Guest post: Chinese food: The good, the bad and the ugly

Photo by Becca Seigel

Photo by Becca Seigel.

I’m going back to China in 10 days, and this guest post makes me crave the chili-covered fresh water crab on a stick and other spicy delights I discovered in Hunan province on my first trip.

Allison Michelle Dienstman takes us on a tour through China’s ten most delicious (and sometimes bizarre) dishes. It all depends on your perspective, of course, for what you classify as the good, the bad and the ugly. 

Chinese cuisine is distinctive and regionally inspired. Tasted on its native soil, you can really appreciate its depth and variety: from imperial dishes to exotic delicacies, this country has everything. While living in China, I experienced first-hand the country’s rich cuisine culture, filled with unique and, at times, unusual edibles.

For many Westerners, familiarity with Chinese food remains limited to fried rice and egg rolls. Yet the variety of Chinese food comes as numerous as the people. Culinary styles range from one region to the next due to factors such as available resources, climate, geography, history, cooking techniques, and lifestyle. One region may favor the use of heavy garlic and shallots over chili and spices, while another prefers seafood over other meats and fowl.

Let’s take a tour of China’s regional favorites and oddities that will leave you hungry for more.

The Good…

The giant soup dumpling puts all other dumplings to shame. Photo by  jamesjyu,  http://www.flickr.com/photos/jamesyu/8285766151/

The giant soup dumpling puts all other dumplings to shame. Photo courtesy jamesjyu.

  1.  The dumpling that will change your life

The mighty soup dumpling, a local specialty of Shanghai, should be on the top of the list of things to eat in China.  A gelatin made from pork stock is chilled into a solid and worked into dough as a filling. Upon steaming, the stock melts and the soup is slurped through a straw.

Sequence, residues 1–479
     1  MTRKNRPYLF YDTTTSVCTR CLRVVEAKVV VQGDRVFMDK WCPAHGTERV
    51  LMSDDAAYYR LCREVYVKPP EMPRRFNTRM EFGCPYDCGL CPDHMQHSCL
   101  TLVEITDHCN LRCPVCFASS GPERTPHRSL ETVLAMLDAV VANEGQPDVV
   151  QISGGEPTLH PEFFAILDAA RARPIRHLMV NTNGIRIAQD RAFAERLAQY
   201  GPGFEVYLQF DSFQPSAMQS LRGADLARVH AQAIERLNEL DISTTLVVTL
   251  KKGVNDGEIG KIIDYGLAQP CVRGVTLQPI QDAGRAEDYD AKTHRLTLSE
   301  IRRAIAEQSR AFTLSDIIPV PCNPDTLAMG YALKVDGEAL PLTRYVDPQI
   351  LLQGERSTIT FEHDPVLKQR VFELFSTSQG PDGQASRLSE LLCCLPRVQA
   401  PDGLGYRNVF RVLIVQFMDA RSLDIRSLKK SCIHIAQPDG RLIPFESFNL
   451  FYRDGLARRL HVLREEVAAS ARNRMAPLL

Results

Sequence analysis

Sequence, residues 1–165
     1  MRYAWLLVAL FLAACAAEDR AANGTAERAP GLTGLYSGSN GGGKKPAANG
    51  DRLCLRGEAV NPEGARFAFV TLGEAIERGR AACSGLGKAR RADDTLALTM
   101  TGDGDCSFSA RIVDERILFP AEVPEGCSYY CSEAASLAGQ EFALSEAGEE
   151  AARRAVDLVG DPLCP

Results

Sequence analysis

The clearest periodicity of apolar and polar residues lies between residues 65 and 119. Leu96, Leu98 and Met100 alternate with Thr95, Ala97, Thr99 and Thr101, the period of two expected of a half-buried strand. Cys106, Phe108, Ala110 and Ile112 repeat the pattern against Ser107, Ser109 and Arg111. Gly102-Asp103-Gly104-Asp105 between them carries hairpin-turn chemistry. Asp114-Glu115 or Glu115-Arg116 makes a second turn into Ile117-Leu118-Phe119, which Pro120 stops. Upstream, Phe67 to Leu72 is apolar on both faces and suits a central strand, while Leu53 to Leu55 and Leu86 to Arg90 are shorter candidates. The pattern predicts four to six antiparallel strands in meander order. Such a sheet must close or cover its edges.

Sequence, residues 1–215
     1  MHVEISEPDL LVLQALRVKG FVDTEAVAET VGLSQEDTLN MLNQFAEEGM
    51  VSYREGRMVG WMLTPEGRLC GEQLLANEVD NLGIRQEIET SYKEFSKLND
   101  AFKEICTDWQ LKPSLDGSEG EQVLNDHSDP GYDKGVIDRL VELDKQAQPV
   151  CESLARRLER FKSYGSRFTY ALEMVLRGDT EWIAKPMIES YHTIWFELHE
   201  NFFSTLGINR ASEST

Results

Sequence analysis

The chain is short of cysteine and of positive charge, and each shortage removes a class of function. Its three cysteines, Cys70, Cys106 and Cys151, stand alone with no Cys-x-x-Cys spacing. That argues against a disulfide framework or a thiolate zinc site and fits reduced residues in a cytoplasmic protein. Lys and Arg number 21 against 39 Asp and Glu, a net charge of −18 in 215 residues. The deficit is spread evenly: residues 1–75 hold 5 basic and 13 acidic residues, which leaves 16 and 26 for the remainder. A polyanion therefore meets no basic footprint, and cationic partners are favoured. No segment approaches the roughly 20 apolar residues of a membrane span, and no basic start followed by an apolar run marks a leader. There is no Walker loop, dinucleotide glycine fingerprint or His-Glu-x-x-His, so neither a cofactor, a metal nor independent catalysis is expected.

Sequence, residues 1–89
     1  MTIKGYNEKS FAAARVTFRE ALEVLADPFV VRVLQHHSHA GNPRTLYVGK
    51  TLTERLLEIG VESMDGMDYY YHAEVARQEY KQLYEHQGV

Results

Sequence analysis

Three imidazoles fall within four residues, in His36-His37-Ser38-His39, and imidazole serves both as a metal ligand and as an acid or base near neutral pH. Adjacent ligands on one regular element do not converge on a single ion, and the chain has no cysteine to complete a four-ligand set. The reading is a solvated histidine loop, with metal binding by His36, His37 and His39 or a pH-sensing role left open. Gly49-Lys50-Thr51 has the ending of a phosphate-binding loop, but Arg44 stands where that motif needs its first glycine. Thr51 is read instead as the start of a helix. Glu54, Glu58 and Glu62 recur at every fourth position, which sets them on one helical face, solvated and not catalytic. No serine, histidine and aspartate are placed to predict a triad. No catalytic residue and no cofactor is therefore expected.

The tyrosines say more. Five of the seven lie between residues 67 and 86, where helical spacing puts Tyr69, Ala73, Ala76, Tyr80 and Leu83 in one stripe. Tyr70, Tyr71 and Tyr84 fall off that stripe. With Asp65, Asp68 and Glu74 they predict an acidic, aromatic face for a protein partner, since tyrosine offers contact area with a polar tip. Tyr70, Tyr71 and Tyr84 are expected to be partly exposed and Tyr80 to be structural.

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Catfish stew; spicy, delicious and full of flavor. Photo by Allison Michelle Dienstman.

  1.  Can’t resist catfish!

Hands down, one of the best meals in China is served in the western province of Guizhou. After you choose a live catfish from a tank, the fish cooks in a large pot of steaming noodle soup at the table. Using chopsticks, each diner takes pieces of fish and ladles of noodle soup into their own bowl and mixes it with their choice of herbs and spices.

  1.  Duck fit for a king

Originally served to China’s Imperial Court in Beijing, this duck goes through the elaborate preparation of being lacquered with molasses, pumped with air, filled with boiling water, then roasted over an open fire. The duck is brought out whole and thinly sliced. It is typically served with a thin crepe, sliced green onions, and Hoisin sauce.

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The real deal kungpao chicken cooks into an intensely fragrant, citrus-like ambrosia that produces a tingly-numbing sensation in the mouth. Photo by Alexandra Moss.

  1.  The real kungpao

You might think you know it, but you haven’t had it like this. Kungpao chicken, a classic dish from Sichuan province in central-west China, features diced chicken marinated in chili oil. The meat is then flash fried with chili peppers, peppercorns, and peanuts or cashew nuts until golden brown.

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While the hot pot continues to simmer, ingredients are placed into the pot and cooked at the table. Photo by sanfamedia.com.

  1. Chinese fondue